Frances-Anne Solomon’s HERO Selected for A Special Preview Screening on the Opening Night of Toronto’s CaribbeanTales International Film Festival
The story of a young man from Trinidad whose life is woven into the tapestry of history
[Toronto, Ontario] Tuesday July 24th, 2018 – Frances-Anne Solomon’s upcoming feature film, “Hero – Inspired By The Extraordinary Life & Times Of Mr. Ulric Cross,” has been chosen for a Special Preview Screening on the Opening Night of the CaribbeanTales International Film Festival (CTFF), September 5, 2018 in downtown Toronto.
CTFF is now in its fourteenth year. And the Festival’s Opening Night will feature a special preview screening of this tall Caribbean tale about a young man from Trinidad who, in 1941, leaves home to enlist in the Royal Air Force. Miraculously, he survives the bloody carnage of World War Two to become, arguably, the most decorated West Indian airman. Then his life takes another surprising turn and he finds himself at the centre of a remarkable historical moment. Cross’ long life spanned key events of the 20th century and included the independence struggles of Africa and the Caribbean.
The international cast includes top screen stars from the Caribbean, Great Britain, Ghana and Canada including Trinidad’s Nickolai Salcedo in the lead role of Ulric Cross, Peter Williams (Stargate SG1), Joseph Marcell (Fresh Prince of Belair) and Ghana’s John Dumelo. The 100-minute feature film combines archive of the era with dramatizations inspired by Ulric Cross’ life, and it was filmed over three years on location in Ghana, Great Britain and Canada, as well as in Trinidad & Tobago.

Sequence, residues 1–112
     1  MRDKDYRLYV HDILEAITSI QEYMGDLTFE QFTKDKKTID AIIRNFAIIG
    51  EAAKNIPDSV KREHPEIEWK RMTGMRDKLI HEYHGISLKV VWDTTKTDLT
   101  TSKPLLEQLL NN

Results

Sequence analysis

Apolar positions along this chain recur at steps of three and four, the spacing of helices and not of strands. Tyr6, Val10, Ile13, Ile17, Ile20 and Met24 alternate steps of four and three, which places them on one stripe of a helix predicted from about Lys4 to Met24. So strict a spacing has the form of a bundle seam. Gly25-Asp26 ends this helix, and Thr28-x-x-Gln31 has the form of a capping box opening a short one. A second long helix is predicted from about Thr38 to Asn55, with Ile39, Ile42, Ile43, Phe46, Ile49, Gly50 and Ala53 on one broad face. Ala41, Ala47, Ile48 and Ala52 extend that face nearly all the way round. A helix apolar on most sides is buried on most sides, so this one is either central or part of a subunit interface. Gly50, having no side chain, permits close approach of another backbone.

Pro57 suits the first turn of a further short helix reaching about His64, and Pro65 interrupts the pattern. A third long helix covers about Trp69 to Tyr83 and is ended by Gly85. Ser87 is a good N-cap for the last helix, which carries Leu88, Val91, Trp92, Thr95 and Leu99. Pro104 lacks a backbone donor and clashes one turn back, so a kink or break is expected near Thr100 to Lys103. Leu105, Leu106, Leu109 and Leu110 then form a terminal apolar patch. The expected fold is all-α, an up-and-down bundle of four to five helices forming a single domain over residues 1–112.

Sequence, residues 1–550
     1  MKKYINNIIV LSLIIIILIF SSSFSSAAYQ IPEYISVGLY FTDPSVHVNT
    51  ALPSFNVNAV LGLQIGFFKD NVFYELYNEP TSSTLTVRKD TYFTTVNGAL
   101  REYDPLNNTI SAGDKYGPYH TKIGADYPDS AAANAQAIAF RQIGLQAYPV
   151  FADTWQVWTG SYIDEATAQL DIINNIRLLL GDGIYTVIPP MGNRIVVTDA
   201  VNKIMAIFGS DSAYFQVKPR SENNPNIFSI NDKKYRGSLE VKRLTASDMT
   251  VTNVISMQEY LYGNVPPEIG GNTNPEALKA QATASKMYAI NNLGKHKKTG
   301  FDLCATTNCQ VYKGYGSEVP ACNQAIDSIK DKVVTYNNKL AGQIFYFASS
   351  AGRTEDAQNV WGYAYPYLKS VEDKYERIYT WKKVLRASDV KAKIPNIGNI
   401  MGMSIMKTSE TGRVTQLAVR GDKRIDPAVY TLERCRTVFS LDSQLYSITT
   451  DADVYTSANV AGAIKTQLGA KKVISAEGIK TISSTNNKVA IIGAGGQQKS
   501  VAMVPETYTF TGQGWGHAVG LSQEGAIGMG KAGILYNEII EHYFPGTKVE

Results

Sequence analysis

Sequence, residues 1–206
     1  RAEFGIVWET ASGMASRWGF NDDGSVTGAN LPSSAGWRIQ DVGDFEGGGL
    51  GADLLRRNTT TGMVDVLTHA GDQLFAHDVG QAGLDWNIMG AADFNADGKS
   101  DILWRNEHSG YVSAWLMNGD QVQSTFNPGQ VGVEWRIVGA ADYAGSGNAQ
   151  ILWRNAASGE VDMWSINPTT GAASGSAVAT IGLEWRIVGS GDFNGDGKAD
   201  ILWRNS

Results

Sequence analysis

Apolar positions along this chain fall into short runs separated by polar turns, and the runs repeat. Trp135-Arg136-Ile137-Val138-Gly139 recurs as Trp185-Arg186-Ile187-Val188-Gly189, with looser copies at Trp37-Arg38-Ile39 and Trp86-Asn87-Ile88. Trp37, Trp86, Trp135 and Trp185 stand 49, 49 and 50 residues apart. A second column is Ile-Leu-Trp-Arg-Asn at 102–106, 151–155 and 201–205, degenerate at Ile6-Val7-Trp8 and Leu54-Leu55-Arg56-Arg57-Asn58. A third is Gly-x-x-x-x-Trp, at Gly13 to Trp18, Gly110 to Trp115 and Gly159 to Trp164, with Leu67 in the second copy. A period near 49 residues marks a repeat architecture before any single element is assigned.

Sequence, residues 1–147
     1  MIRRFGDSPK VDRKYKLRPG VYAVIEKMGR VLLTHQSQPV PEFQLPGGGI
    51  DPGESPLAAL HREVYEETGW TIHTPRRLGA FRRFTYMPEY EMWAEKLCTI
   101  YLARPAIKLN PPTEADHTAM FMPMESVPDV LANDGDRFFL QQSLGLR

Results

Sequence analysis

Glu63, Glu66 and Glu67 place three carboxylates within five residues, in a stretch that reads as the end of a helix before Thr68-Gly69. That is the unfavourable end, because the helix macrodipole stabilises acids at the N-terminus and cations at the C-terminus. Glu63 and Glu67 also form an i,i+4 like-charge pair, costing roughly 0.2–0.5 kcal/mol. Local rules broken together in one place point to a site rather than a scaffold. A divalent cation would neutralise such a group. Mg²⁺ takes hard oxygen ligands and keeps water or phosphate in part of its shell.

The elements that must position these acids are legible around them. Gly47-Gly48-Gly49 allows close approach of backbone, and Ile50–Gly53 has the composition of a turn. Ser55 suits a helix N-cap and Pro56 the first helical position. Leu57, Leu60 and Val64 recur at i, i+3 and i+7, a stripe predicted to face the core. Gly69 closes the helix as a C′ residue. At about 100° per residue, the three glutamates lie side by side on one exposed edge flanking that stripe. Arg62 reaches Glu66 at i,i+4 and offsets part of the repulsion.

The CaribbeanTales Film Festival HERO A Special Preview Screening
September 5, 2018
The Royal Theatre, 608 College St, Toronto
5.30pm: Opening Reception
7.00pm: Film Presentation:
HERO – Inspired By The Extraordinary Life & Times Of Mr Ulric Cross
Tickets available now via eventbrite
From pioneers to trendsetters, CTFF’s Opening Night films this year are about the change-makers who stepped off the usual path and forged new ways for the rest of us.
“The story interweaves “reality” media (archive, interviews) with “artificial” media (dramatic re-creation). These artistic tools are vital in order to reclaim and retell Caribbean stories. Since “real” footage seldom exists, we must re-imagine the past. These appropriations of form are essential where conventional documentation is lacking. We must seek, through the new technology, to reclaim our authentic histories by any means necessary,” said Frances-Anne Solomon, the film’s Director and Producer. “Ultimately, the story is about us, about who we are as Caribbean people, and as citizens of the world.”
Those supporting the development of the film include Presenting Sponsor: Republic Bank, in association with Telefilm Canada, CaribbeanTales Worldwide Distribution, and Imagine Media International.